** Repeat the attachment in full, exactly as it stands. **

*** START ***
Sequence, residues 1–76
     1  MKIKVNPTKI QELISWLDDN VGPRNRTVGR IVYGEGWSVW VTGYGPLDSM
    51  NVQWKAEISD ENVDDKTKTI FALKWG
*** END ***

Sequence, residues 1–76
     1  MKIKVNPTKI QELISWLDDN VGPRNRTVGR IVYGEGWSVW VTGYGPLDSM
    51  NVQWKAEISD ENVDDKTKTI FALKWG